Monday, November 23, 2015

Room 101

This meme is unfortunately representative of so many more, and of a tendency in religion and spirituality that is far older than the Internet.

When this one turned up, I had just read a review in The Atlantic of Primo Levi's newly-published Complete Works, and the reviewer says that Levi rejected the idea of prayer when he was in Auschwitz:
He was not a believer, he explains, and “the rules of the game don’t change … when you’re losing.” Besides, to pray that you and not another should survive is such a prayer as the Lord should “spit … out upon the ground.”
I'm not so sure about that last part, though, because Yahweh requires prayer, and Levi's dilemma didn't originate during the Holocaust. I imagine you can see why I thought of that when I saw this. Life is good for me, but it's not good at all for many other people. Whom should I thank? Why should I thank them? For letting me off while crushing someone else? You can't give a deity (or whatever) credit for being nice to me while denying it's responsible for the bad things that happen to other people.

I commented to this effect, and the person who passed along the meme replied, first, that the meme doesn't mention God.  That doesn't work, because I was explicit that I wasn't talking only about gods.  Second, she was just thankful that she had enough good karma to receive good things.  That just dug her in deeper.  It would seem to follow that if someone is suffering, it's because they hadn't generated enough good karma; and that, not to put too fine a point on it, is vile.  That Syrian toddler who washed up on a Turkish beach: bad karma, right?  He must have done something bad in a past life for that to happen to him.  Not many people are careless enough to agree, but it follows from their understanding of karma as they express it.  They need to rethink their doctrine.

The doctrine of karma, from what I know of it (admittedly not much), doesn't mandate it, but it appears to be compatible with the understanding that those who suffer do so because they earned bad karma, and so deserve the bad things that have happened to them.  It is certainly used that way by many devotees of the idea.  Used loosely, as many people do, it's compatible with gloating over the downfall of someone they dislike.  They try to distance themselves from the imputation they are judging (which they generally pretend they don't do): it's not me, it's karma!  But like early Christians who imagined that their bliss in Heaven would be amplified by the pleasure of watching the torments of the damned in Hell, their denials are not convincing.  Thomas Aquinas proved it logically; according to the gospel of Luke, Jesus taught that the damned deserve and should receive no pity.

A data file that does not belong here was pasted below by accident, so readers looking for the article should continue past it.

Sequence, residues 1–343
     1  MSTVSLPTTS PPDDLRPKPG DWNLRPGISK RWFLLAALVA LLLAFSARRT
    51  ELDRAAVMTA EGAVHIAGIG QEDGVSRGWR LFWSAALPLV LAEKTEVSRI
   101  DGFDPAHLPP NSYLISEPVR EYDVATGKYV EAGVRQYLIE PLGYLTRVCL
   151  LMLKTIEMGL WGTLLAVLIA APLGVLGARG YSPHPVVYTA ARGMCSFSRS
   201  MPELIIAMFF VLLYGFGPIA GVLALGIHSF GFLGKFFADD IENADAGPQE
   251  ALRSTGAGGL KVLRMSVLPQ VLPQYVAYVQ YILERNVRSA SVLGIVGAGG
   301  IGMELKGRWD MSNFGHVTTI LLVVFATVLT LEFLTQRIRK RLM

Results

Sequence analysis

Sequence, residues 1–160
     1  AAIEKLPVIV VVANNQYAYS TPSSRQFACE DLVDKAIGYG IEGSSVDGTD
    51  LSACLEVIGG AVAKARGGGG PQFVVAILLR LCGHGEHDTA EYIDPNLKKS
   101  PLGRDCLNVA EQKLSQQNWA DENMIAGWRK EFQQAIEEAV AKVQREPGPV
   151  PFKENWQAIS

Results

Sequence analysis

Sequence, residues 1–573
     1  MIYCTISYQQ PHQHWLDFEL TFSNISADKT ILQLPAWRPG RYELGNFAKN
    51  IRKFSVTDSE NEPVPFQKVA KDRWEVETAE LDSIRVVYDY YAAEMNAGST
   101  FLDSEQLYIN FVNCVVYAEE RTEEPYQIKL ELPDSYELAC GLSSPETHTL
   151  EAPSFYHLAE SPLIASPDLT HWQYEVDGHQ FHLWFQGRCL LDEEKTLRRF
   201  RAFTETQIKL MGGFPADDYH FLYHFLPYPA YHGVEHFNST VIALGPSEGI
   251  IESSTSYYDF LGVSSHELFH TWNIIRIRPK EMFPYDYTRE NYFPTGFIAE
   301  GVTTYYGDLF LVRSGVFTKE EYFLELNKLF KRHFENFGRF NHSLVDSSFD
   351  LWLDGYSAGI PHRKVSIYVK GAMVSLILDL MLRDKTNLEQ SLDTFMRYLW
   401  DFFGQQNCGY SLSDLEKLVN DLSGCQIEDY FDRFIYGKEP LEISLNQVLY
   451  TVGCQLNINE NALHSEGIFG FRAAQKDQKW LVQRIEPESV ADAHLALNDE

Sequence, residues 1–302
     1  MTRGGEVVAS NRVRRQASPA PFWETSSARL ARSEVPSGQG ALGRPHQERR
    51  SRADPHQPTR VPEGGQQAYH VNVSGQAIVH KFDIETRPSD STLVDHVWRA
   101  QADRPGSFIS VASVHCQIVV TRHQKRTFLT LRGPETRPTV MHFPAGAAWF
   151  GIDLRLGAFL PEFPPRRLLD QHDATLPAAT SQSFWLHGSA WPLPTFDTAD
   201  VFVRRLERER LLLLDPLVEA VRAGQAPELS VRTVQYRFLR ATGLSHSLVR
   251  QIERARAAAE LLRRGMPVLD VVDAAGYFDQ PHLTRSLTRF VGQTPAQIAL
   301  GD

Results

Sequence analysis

I have had a notably easy life, with relatively little suffering in it so far.  I don't imagine for an instant that I did something to earn it.  If there were anyone to thank for it -- as an atheist, of course, I don't believe there is -- my second impulse after doing so would be to berate him for letting other people suffer.  It's why I'm bemused when Christians deny that their god is a micromanaging god, especially when they're trying to explain away natural disasters.  If their god is responsible for the good things that happen to them, he is a micromanaging god, so he's also responsible for the bad things that happen to them, or to other people.  Since he's all-powerful and reputed to be quite touchy (R-E-S-P-E-C-T, what that word it means to Him!), it wouldn't be prudent to take him to task, but a bold person might do so anyway.  I don't know if I'd be that brave, but again, I don't think it's likely to come up.

People who grapple with the Problem of Evil, whether philosophers, theologians, or laymen, generally distinguish between what you might call natural evil (earthquakes, plagues, comets striking the earth and wiping out the dinosaurs) and what you might call moral evil (the Holocaust, Rwanda, the Khmer Rouge, Les Miz).  They generally take for granted that moral evil isn't really a problem for their god because (they claim) that he gave us free will absolves him of responsibility for it. (They don't do a very convincing job with natural evils either.)  I don't think this approach works: apologists don't even really believe it, because they routinely give their god the credit when people do good things.  If he could guide Jonas Salk to invent the polio vaccine, for example, or divert a bullet from someone's heart to a less vital part of the anatomy, he could guide a bad agent away from doing bad things.  It's no more a violation of free will to do the latter than to do the former.

Now, I'm not saying that whoever made this meme, or the person who passed it along, is a bad person.  They're just thoughtless, as most of us are much of the time.  But that's not anything to brag about.  As in George Orwell's 1984, who can blame a battered person for wishing the torture of Room 101 onto someone else, anyone else?  But the fact remains that they did it, and it's hard to live with yourself afterwards.   I know that after a course of treatment in the Ministry of Love, I would do the same.  But should I be thankful to the torturer for taking the rats away from my face?  (Remember: Orwell's target in 1984 was religious as much as it was political.)  I say no.  Many people disagree.